Many kiosks in Sunrise Mall’s food court are unoccupied. The mall has lacked a stand-alone restaurant since 2019. (Photo by Debbie Cunningham)

Is it time to say goodbye to the mall?

Plus: support for the mental health of young refugees, the Capital Region company that sent men to the moon, and more

By: Jennifer Fergesen

It wasn’t long ago that the shopping mall was the place to be in suburban America — and one of the only places to go. During the post-war redevelopment boom, car-centric development funneled people away from urban cores and toward new housing tracts that lacked traditional town centers. There, the mall rose from the ashes of Main Street to become the new focal point of the American lifestyle. The first malls were intended to replicate the shop-lined boulevards of old European cities, but climate-controlled and designed for maximum profitability. 

Today, as an increasing number of shoppers prefer to make their purchases online — especially after getting used to it during the pandemic — many once-thriving malls are foundering. The lifestyle they represent is also becoming less popular as developers recognize a growing preference for walkable, mixed-use neighborhoods that aren’t dominated by parking lots. In the Capital Region, one so-called “ghost mall” site instead became a casino. Another mall that may be heading in that direction is attempting to reincarnate itself as a mixed-use site with housing, a food hall, and links to public transportation and bicycle infrastructure. Learn more about these plans in this week’s featured print story, “The Rise and Fall of the Mall.”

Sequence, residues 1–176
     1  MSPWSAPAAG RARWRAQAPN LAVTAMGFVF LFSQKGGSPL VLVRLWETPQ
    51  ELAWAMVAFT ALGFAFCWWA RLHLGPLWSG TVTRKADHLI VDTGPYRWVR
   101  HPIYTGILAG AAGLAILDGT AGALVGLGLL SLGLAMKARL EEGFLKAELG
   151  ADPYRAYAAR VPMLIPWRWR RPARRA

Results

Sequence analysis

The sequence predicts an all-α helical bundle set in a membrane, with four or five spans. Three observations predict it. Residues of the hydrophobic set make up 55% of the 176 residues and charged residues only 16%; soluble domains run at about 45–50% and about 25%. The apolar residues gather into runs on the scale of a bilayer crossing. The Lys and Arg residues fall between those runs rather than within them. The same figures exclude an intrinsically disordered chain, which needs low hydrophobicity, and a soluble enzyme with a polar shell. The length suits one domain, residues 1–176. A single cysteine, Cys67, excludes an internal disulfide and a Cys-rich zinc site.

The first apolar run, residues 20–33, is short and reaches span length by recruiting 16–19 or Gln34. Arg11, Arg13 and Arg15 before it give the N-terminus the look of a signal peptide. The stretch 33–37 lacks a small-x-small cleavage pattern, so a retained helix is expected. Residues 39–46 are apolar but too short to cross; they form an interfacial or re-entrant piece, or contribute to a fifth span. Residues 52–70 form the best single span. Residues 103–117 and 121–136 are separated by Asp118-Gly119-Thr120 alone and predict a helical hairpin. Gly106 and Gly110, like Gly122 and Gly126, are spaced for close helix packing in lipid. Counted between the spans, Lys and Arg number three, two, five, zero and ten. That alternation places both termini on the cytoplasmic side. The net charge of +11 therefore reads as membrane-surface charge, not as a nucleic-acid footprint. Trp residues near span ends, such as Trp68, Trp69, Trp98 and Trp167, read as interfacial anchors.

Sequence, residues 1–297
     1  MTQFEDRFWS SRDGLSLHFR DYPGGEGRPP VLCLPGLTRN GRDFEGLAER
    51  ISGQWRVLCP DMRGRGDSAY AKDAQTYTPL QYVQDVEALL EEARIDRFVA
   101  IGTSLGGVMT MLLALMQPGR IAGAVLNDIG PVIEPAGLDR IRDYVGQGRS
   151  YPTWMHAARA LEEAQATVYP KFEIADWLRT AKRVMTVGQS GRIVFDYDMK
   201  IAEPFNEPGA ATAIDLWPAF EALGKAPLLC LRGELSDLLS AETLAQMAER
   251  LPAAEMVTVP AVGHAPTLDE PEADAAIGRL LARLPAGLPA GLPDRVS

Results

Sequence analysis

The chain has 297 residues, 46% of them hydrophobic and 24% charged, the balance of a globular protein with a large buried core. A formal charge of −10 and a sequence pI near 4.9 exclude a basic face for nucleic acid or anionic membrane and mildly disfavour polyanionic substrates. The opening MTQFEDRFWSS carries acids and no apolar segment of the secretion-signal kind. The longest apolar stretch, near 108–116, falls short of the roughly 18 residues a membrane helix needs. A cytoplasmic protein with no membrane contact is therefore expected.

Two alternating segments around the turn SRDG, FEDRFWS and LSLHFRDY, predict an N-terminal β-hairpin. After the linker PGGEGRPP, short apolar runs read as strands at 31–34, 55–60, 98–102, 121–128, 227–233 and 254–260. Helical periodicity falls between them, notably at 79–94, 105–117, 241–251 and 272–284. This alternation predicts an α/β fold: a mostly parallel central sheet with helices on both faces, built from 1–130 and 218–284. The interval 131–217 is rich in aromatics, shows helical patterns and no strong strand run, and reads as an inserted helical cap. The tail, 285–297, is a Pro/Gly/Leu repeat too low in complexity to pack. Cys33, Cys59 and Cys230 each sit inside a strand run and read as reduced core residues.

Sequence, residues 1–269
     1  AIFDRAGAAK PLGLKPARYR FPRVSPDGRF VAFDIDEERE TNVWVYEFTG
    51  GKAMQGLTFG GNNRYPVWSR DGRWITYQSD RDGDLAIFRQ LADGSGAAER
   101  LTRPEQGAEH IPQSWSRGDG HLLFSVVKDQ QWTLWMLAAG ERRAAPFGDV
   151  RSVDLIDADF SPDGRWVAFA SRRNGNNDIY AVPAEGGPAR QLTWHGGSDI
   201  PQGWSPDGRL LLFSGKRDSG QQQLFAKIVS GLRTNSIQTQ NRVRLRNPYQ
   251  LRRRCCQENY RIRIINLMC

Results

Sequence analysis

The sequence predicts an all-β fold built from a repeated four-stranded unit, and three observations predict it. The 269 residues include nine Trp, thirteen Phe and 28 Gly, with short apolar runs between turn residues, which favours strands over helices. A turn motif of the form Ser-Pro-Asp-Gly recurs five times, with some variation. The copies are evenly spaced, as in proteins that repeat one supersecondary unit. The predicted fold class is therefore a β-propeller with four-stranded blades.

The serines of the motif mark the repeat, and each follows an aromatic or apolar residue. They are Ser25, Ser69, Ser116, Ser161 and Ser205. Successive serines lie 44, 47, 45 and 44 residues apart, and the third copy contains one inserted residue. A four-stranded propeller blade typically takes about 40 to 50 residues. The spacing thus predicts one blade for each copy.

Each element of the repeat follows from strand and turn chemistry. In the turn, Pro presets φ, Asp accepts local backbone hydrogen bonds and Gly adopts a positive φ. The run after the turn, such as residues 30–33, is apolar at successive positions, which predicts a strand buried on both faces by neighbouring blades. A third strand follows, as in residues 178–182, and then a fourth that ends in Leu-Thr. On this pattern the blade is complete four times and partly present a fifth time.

Of course, there are still malls drawing crowds in the Capital Region, with open-air “lifestyle centers” especially popular. The Fountains at Roseville, for example, is “designed in the style of a European main street,” says General Manager Michelle Carillo. As a follow-up to his print story, contributor Ed Fletcher spoke to Carillo and leaders at other successful local malls to learn how they’re adapting to changing retail trends. The full web exclusive is available now.

Here’s the rest of the Capital Region Rundown: Schools and nonprofits in the Capital Region are working to support the mental health of young refugees from Afghanistan; a Sacramento-based musician with roots in Ethiopia incorporates classical violin into her folk-rock compositions; and the backstory on a company formerly based in Sacramento County that helped send men to the moon. 

Recommendations from our editors:

In this section we editors share what we’re reading, listening to, watching or even eating. Here’s what we’re consuming this week:

Judy: Looks like there might be another Gold Rush going on in California, nearly 175 years after the original one in 1849. The New York Times and others are reporting “The mother lode of winter storms has sent water blasting through rock crevices and rivers in the Sierra Nevada, leading to more glittering discoveries by prospectors.” So head on over to Coloma, grab a pan and start looking for some unearthed treasure! “After California’s Heavy Rains, Gold Seekers Are Giddy